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    • We exchanged cigarettes with the other officers frequently and the senior Turkish medico gave me two pieces of scented wool to put in my nostrils. Further along the plateau, the distance between the trenches narrowed.

      We kept very carefully in the centre. The narrowest place was not 17 feet apart. Our men and the Turks peered over the sandbags and all seemed pleased at the chance of seeing each other without the fear of immediate death as the price of curiosity. At one place a curious sight fascinated me. In one charge five or six Turks had reached our trench and died with their heads on our sandbags. At another place a dead T. From here we looked down that awful cut between the mountains. We could see the winding road, crossed by sandbag traverses to prevent the snipers killing the men as they marched up.

      Here we parted from the Turks. They went to the right and we descended the side of the cliff, and up again. We climbed up through deep, narrow, winding trenches, emerged on the plateau again and met the Turks. Again there was a mass of dead Turks. From here the land was flatter and we moved on through a welter of corpses.

      Behind us, for at least two miles, we could see our burial parties working furiously. In some cases the dead actually formed part of the trench wall. It was a terrible sight to see arms and legs sticking out of the sand, underneath sandbags. The final stage was opposite the extreme left flank. There was a narrow path, absolutely blocked with dead, also a swathe of men who had fallen face down as if on parade — victims to our machine-guns. Our journey took from 7. Ryan came up here and after superintending the interment, I left, feeling badly ill. I pray God I may never see such an awful sight again.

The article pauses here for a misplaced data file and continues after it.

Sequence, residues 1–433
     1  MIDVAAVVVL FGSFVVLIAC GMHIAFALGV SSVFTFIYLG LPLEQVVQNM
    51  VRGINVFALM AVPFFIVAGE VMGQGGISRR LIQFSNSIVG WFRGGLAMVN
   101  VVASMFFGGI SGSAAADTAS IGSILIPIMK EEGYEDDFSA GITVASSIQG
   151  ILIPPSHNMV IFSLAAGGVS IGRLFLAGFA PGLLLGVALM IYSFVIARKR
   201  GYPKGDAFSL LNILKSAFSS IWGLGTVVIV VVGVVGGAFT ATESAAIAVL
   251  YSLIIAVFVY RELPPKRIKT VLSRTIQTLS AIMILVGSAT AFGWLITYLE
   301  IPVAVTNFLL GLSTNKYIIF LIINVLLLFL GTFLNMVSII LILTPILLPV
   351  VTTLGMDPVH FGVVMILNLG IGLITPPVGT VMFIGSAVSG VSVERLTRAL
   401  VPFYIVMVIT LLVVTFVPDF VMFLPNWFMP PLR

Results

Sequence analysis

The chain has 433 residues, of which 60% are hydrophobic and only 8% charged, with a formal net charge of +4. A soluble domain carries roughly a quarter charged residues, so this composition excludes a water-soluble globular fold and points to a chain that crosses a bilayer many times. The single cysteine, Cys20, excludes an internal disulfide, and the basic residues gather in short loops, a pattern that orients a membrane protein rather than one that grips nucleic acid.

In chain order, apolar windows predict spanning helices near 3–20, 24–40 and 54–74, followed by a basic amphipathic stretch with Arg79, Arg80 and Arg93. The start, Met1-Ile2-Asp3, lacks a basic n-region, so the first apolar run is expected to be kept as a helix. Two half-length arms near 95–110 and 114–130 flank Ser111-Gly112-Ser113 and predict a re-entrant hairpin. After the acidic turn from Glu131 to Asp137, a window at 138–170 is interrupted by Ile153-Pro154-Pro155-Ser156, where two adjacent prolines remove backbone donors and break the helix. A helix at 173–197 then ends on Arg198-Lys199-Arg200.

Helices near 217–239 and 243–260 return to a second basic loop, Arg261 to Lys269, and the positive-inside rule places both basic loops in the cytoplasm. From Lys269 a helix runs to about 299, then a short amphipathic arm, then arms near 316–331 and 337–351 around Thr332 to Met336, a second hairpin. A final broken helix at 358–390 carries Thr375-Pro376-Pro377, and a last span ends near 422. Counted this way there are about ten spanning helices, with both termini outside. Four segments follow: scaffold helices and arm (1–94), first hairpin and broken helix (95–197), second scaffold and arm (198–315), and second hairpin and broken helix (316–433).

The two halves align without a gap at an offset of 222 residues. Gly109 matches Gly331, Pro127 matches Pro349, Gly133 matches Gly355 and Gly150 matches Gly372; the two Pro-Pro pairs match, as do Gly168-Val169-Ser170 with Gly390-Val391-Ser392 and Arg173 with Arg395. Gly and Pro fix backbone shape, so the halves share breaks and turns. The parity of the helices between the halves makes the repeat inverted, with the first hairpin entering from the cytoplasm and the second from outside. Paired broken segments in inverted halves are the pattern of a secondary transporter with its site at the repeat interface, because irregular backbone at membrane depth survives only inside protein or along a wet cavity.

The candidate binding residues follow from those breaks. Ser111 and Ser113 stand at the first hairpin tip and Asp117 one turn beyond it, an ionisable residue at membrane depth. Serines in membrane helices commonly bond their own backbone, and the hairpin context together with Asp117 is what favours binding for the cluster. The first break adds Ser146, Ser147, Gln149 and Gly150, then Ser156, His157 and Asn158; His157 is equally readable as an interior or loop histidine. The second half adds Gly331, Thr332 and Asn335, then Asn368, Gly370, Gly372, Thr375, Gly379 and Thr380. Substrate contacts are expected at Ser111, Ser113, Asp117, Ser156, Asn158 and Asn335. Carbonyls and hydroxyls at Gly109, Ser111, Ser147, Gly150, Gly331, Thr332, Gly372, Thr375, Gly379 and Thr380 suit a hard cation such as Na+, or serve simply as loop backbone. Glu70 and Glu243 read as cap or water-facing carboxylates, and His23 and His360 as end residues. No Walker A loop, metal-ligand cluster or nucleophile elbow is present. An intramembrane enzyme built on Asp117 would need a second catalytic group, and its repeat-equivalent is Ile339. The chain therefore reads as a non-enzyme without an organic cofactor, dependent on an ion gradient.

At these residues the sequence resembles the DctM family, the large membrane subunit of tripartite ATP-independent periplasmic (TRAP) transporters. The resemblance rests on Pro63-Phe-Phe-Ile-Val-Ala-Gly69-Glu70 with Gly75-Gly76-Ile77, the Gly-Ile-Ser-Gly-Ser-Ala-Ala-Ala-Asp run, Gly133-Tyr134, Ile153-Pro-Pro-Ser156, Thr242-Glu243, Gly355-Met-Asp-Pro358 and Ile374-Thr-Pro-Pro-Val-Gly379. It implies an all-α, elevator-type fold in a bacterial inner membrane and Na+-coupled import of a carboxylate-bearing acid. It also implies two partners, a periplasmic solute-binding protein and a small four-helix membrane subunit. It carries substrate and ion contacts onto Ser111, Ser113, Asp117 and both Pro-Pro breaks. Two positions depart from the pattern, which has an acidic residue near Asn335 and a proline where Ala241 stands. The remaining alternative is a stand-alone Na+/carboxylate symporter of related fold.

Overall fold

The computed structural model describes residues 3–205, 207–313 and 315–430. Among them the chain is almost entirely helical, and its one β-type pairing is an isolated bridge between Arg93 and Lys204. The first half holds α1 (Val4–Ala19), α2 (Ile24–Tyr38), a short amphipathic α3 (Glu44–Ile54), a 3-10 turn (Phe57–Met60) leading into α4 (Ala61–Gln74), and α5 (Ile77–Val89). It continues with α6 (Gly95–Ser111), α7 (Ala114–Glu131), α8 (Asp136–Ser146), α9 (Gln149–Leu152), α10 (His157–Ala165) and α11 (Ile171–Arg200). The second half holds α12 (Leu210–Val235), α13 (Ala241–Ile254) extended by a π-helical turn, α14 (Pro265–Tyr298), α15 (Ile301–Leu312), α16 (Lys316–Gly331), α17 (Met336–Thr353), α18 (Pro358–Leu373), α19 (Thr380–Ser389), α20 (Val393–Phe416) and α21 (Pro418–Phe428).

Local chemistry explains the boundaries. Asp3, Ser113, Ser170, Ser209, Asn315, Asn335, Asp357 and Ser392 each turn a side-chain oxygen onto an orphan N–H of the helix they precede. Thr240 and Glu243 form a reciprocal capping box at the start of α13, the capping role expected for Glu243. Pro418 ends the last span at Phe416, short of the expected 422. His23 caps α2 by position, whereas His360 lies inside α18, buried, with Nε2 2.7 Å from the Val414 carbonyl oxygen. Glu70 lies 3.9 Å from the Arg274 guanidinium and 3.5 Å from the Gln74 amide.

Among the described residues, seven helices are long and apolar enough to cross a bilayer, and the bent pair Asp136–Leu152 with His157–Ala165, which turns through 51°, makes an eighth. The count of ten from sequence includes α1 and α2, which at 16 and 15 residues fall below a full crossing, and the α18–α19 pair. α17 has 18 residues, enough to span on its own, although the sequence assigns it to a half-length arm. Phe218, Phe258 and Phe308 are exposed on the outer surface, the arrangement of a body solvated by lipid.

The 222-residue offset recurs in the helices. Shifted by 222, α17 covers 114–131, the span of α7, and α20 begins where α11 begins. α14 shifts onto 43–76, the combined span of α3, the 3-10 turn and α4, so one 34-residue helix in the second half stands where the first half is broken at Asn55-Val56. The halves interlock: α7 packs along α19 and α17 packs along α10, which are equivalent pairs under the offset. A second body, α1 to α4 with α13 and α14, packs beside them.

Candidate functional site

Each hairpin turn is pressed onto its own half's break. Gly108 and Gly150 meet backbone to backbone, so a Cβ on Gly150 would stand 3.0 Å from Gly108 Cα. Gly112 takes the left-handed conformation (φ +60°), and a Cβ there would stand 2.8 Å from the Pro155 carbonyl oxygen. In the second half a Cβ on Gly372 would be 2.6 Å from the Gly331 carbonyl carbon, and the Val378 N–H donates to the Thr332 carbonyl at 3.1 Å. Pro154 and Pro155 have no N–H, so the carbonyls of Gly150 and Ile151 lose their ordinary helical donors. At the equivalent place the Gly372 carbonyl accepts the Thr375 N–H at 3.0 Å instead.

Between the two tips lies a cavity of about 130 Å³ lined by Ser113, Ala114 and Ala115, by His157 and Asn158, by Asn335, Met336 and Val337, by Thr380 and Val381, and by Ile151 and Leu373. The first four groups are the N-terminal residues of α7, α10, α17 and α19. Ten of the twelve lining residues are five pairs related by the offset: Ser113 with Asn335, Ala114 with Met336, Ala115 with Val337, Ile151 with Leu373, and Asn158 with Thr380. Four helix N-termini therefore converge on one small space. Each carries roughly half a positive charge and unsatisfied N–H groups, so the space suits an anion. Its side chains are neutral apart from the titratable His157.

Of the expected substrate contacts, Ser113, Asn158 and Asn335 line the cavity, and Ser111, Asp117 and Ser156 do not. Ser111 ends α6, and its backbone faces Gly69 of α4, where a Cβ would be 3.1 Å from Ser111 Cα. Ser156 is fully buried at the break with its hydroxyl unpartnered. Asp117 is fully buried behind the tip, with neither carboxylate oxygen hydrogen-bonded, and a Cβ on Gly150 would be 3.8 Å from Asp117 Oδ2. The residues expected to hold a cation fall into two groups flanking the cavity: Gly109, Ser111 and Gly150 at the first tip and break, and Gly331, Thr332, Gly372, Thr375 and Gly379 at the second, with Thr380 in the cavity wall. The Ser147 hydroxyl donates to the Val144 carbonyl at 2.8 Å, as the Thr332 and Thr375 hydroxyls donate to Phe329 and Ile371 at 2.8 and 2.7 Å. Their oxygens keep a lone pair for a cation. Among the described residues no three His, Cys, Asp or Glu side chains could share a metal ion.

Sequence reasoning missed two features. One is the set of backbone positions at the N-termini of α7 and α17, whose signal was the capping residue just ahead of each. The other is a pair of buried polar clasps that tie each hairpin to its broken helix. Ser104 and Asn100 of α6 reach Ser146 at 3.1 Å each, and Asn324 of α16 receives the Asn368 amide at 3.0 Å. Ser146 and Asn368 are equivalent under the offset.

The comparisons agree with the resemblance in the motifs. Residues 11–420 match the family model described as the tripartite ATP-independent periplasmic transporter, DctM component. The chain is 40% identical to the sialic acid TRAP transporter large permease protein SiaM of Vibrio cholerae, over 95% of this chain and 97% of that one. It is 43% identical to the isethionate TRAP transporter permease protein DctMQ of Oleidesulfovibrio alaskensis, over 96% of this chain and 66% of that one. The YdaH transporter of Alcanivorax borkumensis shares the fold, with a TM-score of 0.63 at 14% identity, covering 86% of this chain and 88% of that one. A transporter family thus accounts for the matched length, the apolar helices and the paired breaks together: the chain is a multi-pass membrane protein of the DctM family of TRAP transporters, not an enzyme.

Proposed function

I got back deadly sick and got phenacetin and brandy and lay down. I shall certainly have eternal nightmares.

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      If this is war, I trust NZ will never be fool enough to forget that to avoid war one must be too strong to invite war. Luck decided whether a man would live, die or be maimed on Gallipoli. Four were hit and two of us got off scot free. Often they crawled from the battlefield or were carried by mates and stretcher-bearers down to the beach for preliminary treatment.

      Surgeons operated on the most urgent cases in the open air. Lesser wounds were dressed and the men had to wait, sometimes for days, to be transferred to hospital ships where doctors worked overtime cutting, stitching and amputating. From there the wounded men would be taken to Malta, Egypt and Britain to recuperate. Some were returned to New Zealand and were discharged as unfit for medical service.

      The nurses and medical staff who treated the men were profoundly impressed by their courage and stoicism despite their shocking injuries. Among the hundreds of patients he treated, Lieutenant Colonel Fenwick said only one man complained, and that was because he was hit while lying on a stretcher. I found he had got a second wound from a burst of shrapnel. Joking about serious injury was not uncommon in letters written from hospital.